NYC Mayor Bill De Blasio Wants Race to Determine Who Gets into Schools

Elite New York City high schools such as Stuyvesant High School and the Bronx High School of Science currently accept students based on their test scores. However, that may change in the near future if New York Mayor Bill de Blasio has his way.

The mayor, irate at the fact that African-American and Hispanic students typically have a hard time getting into elite schools, wants to force these schools to take in minority students with lower scores simply because they are members of a minority ethnic group. In fact, de Blasio has gone so far as to call the test, which is administered to eighth grade students who choose to take it, an impediment to justice, progress and academic excellence and has stated his intention of expanding a program that would automatically reserve up to 20% of all seats at specialized high schools for low-income students who score slightly less than the minimum cutoff score. However, this would just be a stop-gap measure. The mayor’s end goal is to abolish the test entirely, and instead provide automatic admission for the top percentage of students from each school.

Naturally, the move has angered those who feel that academic excellence alone should be the determining factor in deciding who gets into specialized schools. However, it isn’t angry white parents who are protesting based on “white privilege”. It is Asian-American parents, students and advocates who note that the move would have a serious negative impact on their community.

At present, Asian-Americans students make up 62% of the student population at specialized schools in New York, even though the Asian community makes up less than 15% of the population of New York City. However, it is worth noting that Asian Americans make up the largest percentage of students who take the tests required to get into these specialized schools.

It is also important to note that many of these students do not come from rich, privileged families. Instead, they are often the children of low-income parents who push their offspring to succeed by teaching their children good study habits and investing heavily in their education. Advocates note that setting aside seats for other low-income ethnic groups would automatically push out good Asian-American students who need opportunities to succeed and are willing to work hard for them.

There is also concern that students who miss the test cutoff might not be able to handle specialized schools with a high-pressure environment. As one current specialized school senior accurately notes, successfully making it through a four-year high school course at an elite school with high standards is not easy. It not only requires a great deal of commitment from the students but also support from family members.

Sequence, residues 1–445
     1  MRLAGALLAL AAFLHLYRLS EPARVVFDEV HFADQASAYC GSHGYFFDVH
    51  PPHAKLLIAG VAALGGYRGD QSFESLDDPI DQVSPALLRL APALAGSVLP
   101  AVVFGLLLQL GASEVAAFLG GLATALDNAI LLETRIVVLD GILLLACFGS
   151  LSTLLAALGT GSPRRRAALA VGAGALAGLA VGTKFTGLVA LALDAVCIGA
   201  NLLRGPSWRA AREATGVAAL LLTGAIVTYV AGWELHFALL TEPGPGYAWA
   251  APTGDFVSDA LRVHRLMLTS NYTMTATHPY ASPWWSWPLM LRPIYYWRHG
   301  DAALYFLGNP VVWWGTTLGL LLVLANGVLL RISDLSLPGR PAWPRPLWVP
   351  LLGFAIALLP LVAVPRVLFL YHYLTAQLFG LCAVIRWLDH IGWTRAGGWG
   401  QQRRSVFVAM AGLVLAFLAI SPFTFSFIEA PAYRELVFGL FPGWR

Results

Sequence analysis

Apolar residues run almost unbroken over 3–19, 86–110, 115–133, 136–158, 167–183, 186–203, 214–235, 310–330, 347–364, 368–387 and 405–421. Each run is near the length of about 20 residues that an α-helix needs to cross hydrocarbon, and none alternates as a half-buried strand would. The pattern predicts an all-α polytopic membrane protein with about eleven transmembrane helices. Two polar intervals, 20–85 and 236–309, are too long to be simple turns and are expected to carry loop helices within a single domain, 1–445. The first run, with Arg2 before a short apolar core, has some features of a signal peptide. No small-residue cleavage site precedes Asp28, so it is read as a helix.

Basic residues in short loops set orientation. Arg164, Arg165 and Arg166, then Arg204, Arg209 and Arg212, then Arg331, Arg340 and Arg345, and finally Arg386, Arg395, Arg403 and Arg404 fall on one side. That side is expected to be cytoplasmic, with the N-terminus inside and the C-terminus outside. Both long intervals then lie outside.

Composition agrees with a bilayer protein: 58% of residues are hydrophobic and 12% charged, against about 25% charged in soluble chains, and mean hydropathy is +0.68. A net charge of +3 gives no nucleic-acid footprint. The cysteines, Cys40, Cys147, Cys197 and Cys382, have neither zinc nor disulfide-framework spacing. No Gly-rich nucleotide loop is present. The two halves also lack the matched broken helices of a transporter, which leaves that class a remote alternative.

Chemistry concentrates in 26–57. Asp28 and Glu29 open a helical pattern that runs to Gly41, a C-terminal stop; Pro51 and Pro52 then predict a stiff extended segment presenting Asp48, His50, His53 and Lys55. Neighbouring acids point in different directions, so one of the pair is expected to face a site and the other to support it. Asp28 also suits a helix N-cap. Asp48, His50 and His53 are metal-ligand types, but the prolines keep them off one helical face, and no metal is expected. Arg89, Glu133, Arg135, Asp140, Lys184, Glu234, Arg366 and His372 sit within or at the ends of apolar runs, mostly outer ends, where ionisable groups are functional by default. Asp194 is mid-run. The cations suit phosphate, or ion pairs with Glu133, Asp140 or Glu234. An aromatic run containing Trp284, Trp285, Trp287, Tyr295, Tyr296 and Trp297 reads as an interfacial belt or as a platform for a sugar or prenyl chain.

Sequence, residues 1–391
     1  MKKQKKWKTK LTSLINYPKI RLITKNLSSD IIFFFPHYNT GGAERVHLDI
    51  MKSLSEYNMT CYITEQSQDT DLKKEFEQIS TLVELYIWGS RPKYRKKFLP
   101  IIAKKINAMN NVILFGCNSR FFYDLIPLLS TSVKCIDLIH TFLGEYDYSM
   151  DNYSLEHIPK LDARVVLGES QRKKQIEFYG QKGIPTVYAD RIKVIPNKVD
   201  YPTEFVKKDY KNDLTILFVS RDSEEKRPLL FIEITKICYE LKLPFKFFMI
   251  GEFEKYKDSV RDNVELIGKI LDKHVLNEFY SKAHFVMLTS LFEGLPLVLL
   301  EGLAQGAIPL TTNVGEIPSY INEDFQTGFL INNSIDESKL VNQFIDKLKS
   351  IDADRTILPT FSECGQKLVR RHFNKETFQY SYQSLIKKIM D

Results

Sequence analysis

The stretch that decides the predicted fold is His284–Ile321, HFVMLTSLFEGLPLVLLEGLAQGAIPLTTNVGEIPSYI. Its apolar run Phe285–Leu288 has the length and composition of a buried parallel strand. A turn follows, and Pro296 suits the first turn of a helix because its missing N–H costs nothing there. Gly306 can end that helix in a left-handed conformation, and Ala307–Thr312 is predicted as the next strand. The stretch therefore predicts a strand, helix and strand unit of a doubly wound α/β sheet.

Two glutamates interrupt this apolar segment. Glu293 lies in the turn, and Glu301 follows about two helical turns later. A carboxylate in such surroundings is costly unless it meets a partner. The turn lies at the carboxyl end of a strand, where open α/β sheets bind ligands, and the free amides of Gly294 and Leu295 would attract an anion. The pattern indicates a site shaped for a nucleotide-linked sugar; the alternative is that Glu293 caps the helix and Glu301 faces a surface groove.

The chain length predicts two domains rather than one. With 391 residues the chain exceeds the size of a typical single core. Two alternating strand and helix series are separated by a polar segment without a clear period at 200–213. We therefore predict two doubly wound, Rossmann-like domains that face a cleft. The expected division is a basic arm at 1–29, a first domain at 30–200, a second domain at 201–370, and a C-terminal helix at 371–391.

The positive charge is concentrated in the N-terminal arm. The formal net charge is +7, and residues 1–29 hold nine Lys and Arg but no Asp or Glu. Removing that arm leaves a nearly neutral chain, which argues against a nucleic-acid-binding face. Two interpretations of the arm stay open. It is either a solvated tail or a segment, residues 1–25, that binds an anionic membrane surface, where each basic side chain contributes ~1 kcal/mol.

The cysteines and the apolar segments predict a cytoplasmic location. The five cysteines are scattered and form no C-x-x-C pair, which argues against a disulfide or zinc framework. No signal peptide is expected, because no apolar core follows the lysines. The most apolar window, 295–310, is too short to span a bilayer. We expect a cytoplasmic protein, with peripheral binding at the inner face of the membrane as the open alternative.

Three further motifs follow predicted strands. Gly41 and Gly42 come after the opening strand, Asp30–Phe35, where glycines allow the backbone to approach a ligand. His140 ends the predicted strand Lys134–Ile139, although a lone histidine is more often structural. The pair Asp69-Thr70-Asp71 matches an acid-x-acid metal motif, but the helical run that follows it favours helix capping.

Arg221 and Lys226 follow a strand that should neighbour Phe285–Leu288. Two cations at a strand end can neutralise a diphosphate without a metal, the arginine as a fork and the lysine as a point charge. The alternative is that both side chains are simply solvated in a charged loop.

The city has already tried providing extra help to minority students who typically have a hard time getting into specialized schools by offering free test-prep classes but the results have not significantly changed the percentage of Hispanic and African-American students who get into these schools.

Given the fact that elite high schools in New York City have an outstanding reputation, it is not surprising that so many parents want their children to gain admission. However, the schools only have a limited number of seats, and these must be distributed in a fair, equitable manner.

The three-hour admissions test may be difficult to pass, but it is perhaps the best method for determining who should actually move on to a rigorous, four-year study course. While students who do not make the cutoff are naturally disappointed and may miss out on some educational and career opportunities in the future, the fact is that not everyone can be the superior scholar they might imagine themselves to be.

Lowering the bar to allow students with sub-par scores into these schools while simultaneously excluding students who have studied hard and earned high scores is unfair to all involved. It deprives schools of top-notch students, deprives students who have earned placement in a top-quality school of enjoying the fruits of their labors and shows those who do not earn good test scores that effort, self-discipline and a good work ethic are meaningless if one is the “right” race.

~ Liberty Planet